DURBAN - AGRICULTURAL industry body AgriSA yesterday warned against land expropriation without compensation (EWC), citing a study that supported this view which showed a decline in economic growth.
Annelize Crosby, AgriSA’s head for Land and Legal Affairs, in her executive summary presented in a virtual media conference on Wednesday, said that primary agriculture represented 2.5 percent of gross domestic products (GDP)and secondary agriculture roughly 15 percent.
“These two constitute the food system, which makes up approximately between 17 and 18 percent of GDP. The whole system is hedged against the market value of land,” said Crosby.
AgriSA said that an independent study into the possible economic impact of a policy of nil compensation, by GOPA Group Southern Africa, had concluded what the impact that a policy of expropriation without compensation would exert on economic capital formation, which augmented a society’s stock of productive assets.
The study suggested that the inevitability of a sharp decline in the economic growth rate and a further erosion of taxation revenue growth.
In his presentation, economist Dr Roelof Botha said the purpose of the study was to quantify the likely macroeconomic impact of land EWC in South Africa, based on a calculation of declines in capital formation/GDP ratios that have occurred in countries that have implemented EWC and applying a proxy of these declines to an econometric model of the South African economy aimed at forecasting the effect of EWC on the country’s GDP and fiscal revenues.
Agri-SA said it was against EWC but firmly believed in the free market and the basic economic principles that drive developed and developing countries.
“Property rights are also believed to lower transaction costs by providing an efficient resolution for conflicts over scarce resources. Those countries that provide secure property rights and equality of opportunity have found that this has led to economic prosperity. The procedures followed with expropriation should be fair towards the landowner and the principles of administrative justice should always apply,” said Crosby.
The organisation said that the purpose of the expropriation should be clear, a landowner whose land was expropriated should always have recourse to the courts as they stood firm on the principle of full access to the courts to adjudicate on the merits of expropriation as well as the amount of compensation, should there be any dispute.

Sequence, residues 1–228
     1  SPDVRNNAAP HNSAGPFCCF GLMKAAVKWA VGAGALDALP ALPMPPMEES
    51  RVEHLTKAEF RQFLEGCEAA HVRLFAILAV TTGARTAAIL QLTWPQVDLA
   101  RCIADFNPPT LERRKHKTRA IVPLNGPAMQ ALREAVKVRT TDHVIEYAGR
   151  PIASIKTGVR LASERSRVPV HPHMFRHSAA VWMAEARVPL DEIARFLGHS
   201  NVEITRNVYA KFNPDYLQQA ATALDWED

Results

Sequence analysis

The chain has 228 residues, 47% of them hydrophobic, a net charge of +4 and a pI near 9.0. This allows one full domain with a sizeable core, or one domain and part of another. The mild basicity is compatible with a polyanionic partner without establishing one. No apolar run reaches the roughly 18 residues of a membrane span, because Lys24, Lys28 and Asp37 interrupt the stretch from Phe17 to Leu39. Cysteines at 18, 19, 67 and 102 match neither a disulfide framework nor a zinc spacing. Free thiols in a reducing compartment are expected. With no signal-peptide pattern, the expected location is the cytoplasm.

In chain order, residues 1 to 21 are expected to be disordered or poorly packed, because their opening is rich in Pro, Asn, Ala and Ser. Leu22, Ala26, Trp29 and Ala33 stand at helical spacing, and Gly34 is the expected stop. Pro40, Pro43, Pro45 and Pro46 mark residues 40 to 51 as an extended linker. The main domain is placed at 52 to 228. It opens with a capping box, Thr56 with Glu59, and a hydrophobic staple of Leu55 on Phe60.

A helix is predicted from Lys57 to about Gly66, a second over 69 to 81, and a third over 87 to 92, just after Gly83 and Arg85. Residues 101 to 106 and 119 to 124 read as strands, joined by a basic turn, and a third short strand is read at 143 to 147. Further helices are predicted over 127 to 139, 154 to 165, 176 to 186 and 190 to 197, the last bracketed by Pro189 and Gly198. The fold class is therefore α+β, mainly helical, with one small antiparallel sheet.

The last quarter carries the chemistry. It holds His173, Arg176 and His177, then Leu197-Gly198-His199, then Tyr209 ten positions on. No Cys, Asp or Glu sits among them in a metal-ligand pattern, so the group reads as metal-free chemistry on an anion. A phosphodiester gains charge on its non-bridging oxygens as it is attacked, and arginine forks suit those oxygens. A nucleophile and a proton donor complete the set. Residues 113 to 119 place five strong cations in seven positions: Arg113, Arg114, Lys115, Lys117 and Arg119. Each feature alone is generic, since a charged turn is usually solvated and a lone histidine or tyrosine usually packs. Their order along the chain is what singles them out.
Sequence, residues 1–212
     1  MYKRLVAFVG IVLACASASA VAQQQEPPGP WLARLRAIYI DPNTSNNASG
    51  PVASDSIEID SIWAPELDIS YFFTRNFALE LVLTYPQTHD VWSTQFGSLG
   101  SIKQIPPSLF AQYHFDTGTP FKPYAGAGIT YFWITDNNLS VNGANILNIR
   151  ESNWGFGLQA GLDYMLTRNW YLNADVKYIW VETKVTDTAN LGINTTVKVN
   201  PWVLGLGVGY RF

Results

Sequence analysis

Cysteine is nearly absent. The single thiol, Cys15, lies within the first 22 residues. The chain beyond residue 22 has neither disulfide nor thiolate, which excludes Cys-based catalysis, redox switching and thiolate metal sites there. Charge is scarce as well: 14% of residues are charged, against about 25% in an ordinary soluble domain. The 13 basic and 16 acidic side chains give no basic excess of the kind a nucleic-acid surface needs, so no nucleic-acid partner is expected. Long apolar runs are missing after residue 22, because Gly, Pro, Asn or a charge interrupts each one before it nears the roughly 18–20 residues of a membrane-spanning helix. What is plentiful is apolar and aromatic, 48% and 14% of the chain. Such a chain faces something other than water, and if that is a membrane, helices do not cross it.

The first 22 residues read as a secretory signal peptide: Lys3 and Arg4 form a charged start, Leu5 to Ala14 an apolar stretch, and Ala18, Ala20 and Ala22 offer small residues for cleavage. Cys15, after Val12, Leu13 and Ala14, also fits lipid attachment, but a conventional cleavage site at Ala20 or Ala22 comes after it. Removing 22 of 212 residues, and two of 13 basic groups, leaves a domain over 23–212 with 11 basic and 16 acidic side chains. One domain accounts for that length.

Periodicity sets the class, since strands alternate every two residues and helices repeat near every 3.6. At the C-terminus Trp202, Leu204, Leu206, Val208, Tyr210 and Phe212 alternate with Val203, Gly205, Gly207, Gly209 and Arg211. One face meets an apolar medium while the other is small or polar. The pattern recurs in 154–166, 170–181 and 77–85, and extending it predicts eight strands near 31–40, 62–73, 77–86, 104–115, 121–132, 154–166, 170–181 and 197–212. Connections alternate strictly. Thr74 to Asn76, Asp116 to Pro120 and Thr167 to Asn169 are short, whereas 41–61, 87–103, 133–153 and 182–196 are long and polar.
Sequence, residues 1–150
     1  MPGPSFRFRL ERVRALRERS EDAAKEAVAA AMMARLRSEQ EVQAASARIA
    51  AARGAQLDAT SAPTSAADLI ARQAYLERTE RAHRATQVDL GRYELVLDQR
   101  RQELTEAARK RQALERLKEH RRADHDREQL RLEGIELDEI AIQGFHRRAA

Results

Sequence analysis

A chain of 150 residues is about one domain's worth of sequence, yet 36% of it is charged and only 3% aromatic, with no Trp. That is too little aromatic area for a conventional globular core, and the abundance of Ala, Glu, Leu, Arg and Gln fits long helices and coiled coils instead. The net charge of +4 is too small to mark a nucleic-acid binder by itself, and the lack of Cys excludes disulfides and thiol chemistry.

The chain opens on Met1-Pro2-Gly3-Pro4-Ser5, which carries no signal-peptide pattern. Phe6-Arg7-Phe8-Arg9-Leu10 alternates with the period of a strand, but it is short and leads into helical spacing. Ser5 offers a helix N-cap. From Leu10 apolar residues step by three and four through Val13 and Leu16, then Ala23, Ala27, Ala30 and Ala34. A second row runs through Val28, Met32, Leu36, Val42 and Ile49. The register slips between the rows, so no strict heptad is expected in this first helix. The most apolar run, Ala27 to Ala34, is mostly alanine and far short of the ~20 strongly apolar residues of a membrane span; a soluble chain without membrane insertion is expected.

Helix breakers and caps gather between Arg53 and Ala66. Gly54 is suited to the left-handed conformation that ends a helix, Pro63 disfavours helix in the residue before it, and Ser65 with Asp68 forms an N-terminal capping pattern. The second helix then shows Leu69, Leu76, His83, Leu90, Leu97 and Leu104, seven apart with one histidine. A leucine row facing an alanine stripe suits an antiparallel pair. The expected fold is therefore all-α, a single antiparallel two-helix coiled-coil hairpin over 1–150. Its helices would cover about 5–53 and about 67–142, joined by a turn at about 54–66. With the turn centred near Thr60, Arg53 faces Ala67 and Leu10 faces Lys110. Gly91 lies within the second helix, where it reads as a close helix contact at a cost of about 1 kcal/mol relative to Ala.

Agri-SA said that under no circumstances should the payment of compensation to a landowner be dependent on the state’s ability to pay, it was of utmost importance that a transparent process be followed in valuing land and land owners should also have access to valuation reports.
It said that the payment should be immediate and in cash. It also said that it believed that transformation and land reform would not be possible if the liquidity in the food system changes; when it does not reflect market-related prices. It said that this was a principle that had been established in several countries that have tried similar interventions.
AgriSA said that it had submitted its commentary on the Expropriation Bill electronically to the Portfolio Committee on Public Works and Infrastructure on last month as was mandated by all the organisation’s affiliates.
Agri SA had commissioned a study in support of its commentary, namely a study on the economic impact of an approach of zero compensation or minimal compensation, in the agricultural sector.
“Agri SA believes that past inequities must be dealt with through positive, future and solution-driven conversation. The organisation wants to make a positive contribution to finding solutions,” said Crosby.
The conference took place at a time a Parliamentary committee into Land Expropriation met this week to hear oral presentations from groups against the amendment to the constitution.